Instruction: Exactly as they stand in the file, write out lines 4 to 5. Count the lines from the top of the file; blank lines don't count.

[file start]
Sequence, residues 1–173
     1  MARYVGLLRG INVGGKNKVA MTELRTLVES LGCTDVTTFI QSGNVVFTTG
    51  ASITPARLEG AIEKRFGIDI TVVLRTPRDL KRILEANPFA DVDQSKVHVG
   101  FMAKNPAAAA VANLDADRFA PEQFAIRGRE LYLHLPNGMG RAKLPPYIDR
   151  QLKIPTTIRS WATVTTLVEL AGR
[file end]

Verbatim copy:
   101  FMAKNPAAAA VANLDADRFA PEQFAIRGRE LYLHLPNGMG RAKLPPYIDR
   151  QLKIPTTIRS WATVTTLVEL AGR